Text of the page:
Thursday, February 26, 2009
You've got to do what you've ogt to do if you're trying to make minor league baseball successful in this town, as it was wildly so in the late 1980's and early 1990"s. Believe it or not, that was a long time ago.
I have stayed silent on this since they revealed this guy and announced his name, but I remain silent no more. The history of the name "Captains" has nothing to do with pirates or Johnny Depp movies. It has everything to do with the guy our city is named after, Captain Henry Miller Shreve. He was a riverboat Captain who history tells us was perfectly honest and honorable, not to mention reliable.
It's clear the baseball team's management has no sense of our city's history. This incarnation of The Captain flies in the face of all of that.
I hope my feelings don't matter. I want them to be successful. We're all better off if they are. In order to be so, the guys who are running the enterprise need to learn a lot more about the place they now call home.
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Posted by Darrell at 2/26/2009
Sunday, February 22, 2009
The 2009 Bassmasters Classic is behind us, and we are told it was a record setting week. More than 100,000 people saw some part of the event over three days, according to the event's organizers. To me that is just incredible. I read in the paper that on Saturday, the fire marshall would not let any more people into our arena, which seats 12,000 or so and holds even more with people on the floor. Although this kind of thing doesn't interest me at all, I had to see it to believe it. So, I used my familiarity with the arena to shoehorn my way in and I was just blown away.Aside from the sheer numbers, it was interesting to observe the demeanor of the attendees. They were thrilled to watch their angler heroes roll in and present their day's catch to be weighed. It was that simple: Ride in your boat as it is towed behind a pickup truck, put your fish on the scale, get the weight, get interviewed and get on your way. Next! Do it again...and the breathless thousands were having the time of their lives. More power to them. I left after five fishermen and was happy to get home.
I had also read that more than 60,000 people went into our convention center on Saturday for a bass fishing expo. So, I had to see that, too. Having been there for about a half-hour, seeing the crowd and the cars and the vendors, I believe it.
Let me rephrase: I can accept that figure as true, but I still can't really believe it.
As long as I had decided to be out and about, I decided to immerse myself in full citizen participation. I went to an affternoon Mardi Gas parade. The atmosphere was lively and light-hearted. People were having a great time. So, it was a positive day and I was about to assuage my guilt about my own abject apathy.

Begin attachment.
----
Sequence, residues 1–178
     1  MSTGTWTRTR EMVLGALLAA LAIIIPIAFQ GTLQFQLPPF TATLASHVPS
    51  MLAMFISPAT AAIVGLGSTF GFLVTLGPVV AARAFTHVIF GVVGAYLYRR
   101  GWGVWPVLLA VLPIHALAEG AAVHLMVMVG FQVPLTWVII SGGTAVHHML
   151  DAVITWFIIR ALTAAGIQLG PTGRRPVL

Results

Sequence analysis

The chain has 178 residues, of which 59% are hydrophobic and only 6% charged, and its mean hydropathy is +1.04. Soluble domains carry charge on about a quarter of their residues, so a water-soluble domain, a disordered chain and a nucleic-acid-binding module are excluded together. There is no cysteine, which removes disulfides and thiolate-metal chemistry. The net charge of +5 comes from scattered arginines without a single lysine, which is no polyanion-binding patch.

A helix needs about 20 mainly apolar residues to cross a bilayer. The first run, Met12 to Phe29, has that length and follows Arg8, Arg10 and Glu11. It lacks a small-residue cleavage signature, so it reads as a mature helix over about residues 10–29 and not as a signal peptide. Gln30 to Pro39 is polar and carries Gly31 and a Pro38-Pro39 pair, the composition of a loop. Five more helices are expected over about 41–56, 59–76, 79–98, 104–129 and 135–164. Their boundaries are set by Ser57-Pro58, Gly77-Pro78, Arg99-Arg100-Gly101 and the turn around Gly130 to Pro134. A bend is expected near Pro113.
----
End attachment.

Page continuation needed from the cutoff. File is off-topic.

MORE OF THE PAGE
Saturday, February 21, 2009
It's a multi-day fishapalooza, "the Daytona 500 of Bass Fishing," and it's happening right here in the home town this weekend. Since the Daytona 500 is "the Super Bowl of NASCAR," the logic linkage tells me something. So it is that tens of thousands of people are showing up in our nice arena to watch fifty men and one woman weigh fish.
The 2009 Bassmaster Classic is getting Shreveport and Bossier City a lot of attention. We are in a "twin cities" situation and the Red River runs through it. In the Red River are trophy-class bass and these 51 competitors aim to find them, hook them, weigh them and take home untold riches because of it.
I actually understand all of that. It's pretty straightforward. I understand the incalculable benefit of having an inernational event of this magnitude in our towns. It means international multimedia exposure, including many hours of coverage on ESPN2. There's nothing wrong with that and there's a whole lot right with it.
What I don't get is why people, thousands of people, stand in line eagerly awaiting the opening of the doors to the arena so they can jam into the place to watch the Fabulous 51 flash their fish.
I have been to this sort of thing before. This weekend's event is the most significant of its kind, but when you get right down to it they're just weighing fish! I didn't grasp the attraction on a smaller scale. Now that it's as big as it gets, the only thing that's larger for me is my puzzlement.
Shuttle buses are running between multiple locations. Visitors have come from near and far to be a part of this like...well, the Daytona 500 or the Super Bowl.
I have been unsuccessful in my quest to muster up any enthusiasm about this. I'm feeling the guilt of being a Terrible Citizen becasue I am not participating in this in any way.
I will celebrate our area's success from the comfort of my house, check the internet for photos and turn the TV on to make sure the ESPN people are saying good things about us. I have several buddies who are just breathless about this thing and have been all up in it. I will go to lunch with them next week and let them tell me all about it. Maybe we'll eat fish.